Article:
And the eye-watering cost is something to behold. It cost us $1300 to ship the cat from New Zealand, even though we avoided paying agents charges at this end (more on this later).

And just before I answer your specific points, it would seem to me it is cheaper to bring the cat with you on the same flight, rather than ship it separately in the hold, if that was what you were intending.

To answer your questions:

1. We never got a permission letter, for either the dog or the cat, and it didn't seem to matter. We did let the landlord know, when we were looking for a place, and in the agreement, just so there wasn't a problem. We applied for the import permit online, and it was granted right away. it does ask for the address. For the dog, applying for the licence, we gave a work address for the permit. For the cat, following later, we gave our actual address. Just beware where you rent: HDB flats do not allow cats.

2. There is a lot of paperwork that has do be done in the right order: From the originating country: Vet clearance from an approved ministry vet, certain flea and worm treatments to be given not later than 48 hours, not less than 24 hours etc. Captain's declarations. Plus, the crate has to be correct in terms of size and water bottle etc etc.: We used an agent to organise this, hence the stratospheric fee. You could ask the airline if they can assist, and do it yourself, but, you have to get this all absolutely right and correct. This is Singapore you are going to, everything must be right.

3. That's very odd advice. To save myself the quoted fee from an agent of $600 to clear the animal this side, I thought I would do it myself. The animal is picked up from the specific Airline Air Freight centre. We shipped ours with Singapore Airlines, so they were in contact with us regularly, confirming when it was due and giving is instructions on where to pick it up.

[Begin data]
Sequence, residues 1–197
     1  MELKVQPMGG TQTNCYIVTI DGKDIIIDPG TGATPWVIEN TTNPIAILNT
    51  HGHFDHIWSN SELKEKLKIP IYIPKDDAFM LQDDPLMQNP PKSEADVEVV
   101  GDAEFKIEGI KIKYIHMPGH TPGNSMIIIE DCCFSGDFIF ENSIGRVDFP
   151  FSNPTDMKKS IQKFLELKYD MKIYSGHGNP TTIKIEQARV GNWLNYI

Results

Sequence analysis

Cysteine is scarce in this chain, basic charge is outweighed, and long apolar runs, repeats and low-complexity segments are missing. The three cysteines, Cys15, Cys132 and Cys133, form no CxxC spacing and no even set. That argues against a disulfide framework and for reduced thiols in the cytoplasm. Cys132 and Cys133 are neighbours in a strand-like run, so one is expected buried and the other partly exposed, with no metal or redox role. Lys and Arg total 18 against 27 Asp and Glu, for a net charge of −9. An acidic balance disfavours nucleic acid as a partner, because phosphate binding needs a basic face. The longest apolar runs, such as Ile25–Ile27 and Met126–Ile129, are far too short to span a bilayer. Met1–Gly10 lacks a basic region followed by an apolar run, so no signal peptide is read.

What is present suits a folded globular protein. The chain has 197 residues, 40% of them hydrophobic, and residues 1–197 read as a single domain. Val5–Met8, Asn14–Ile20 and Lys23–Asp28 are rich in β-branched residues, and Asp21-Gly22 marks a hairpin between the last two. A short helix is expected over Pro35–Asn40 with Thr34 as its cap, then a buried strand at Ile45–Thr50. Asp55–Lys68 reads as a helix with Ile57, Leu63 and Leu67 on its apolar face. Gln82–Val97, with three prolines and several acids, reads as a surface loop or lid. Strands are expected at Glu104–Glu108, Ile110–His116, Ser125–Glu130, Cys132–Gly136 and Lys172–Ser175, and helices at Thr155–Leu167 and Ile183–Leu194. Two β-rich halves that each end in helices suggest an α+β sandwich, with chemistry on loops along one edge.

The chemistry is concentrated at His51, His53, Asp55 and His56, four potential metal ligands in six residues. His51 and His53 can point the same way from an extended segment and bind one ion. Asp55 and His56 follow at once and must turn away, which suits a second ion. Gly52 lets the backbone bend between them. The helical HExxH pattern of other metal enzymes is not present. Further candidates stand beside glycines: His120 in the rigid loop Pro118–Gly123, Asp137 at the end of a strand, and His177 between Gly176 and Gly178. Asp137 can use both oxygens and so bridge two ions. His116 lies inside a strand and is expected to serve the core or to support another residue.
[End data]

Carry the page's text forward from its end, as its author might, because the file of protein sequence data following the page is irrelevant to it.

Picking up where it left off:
Got time to read this and save $600? OK. I caught a taxi to the airfreight centre. Problem One: its in a secure area. Taxi waits while I queue to get a security pass: I explain why I am there and they issue me a pass and hold onto my ID card. Taxi then drives round and round Changi Air Freight trying to find the place. After stopping and asking directions three times, we find the office. I wave the taxi goodbye. Big mistake. Go into the office, show them the forms, and they go out the back and get the cat, and a big pile of documentation. Good start. I then have to go upstairs and get something stamped from the airline. Not sure why. Now, its time to take the cat and the paperwork to AVA. Problem. No taxi, the place is a a km away and I've no idea where it is or what it looks like. The manager very kindly offers to drive me there himself. Don't believe all the stories about Singaporeans being unhelpful, I 've found everyone, locals and ex-pats, all very helpful indeed. So out we go to AVA. The vet checks the documents, checks the temperature, stamps everything, and then gives me directions to the customs shed, a km away in the other direction. My helpful Singapore Airlines manager is still willing to chaffeur me around, and drops me off near the entrance and points out a nondescript building which looks deserted, but contains one customs officer who takes the sheaf of documents, does something and gives them back. We are free to go, walking back out through security, dodging the trucks, and then call a taxi to take us home. Ooops, nearly forgot to swap the security pass for my id. Phew. Next time, try and hold on to the taxi.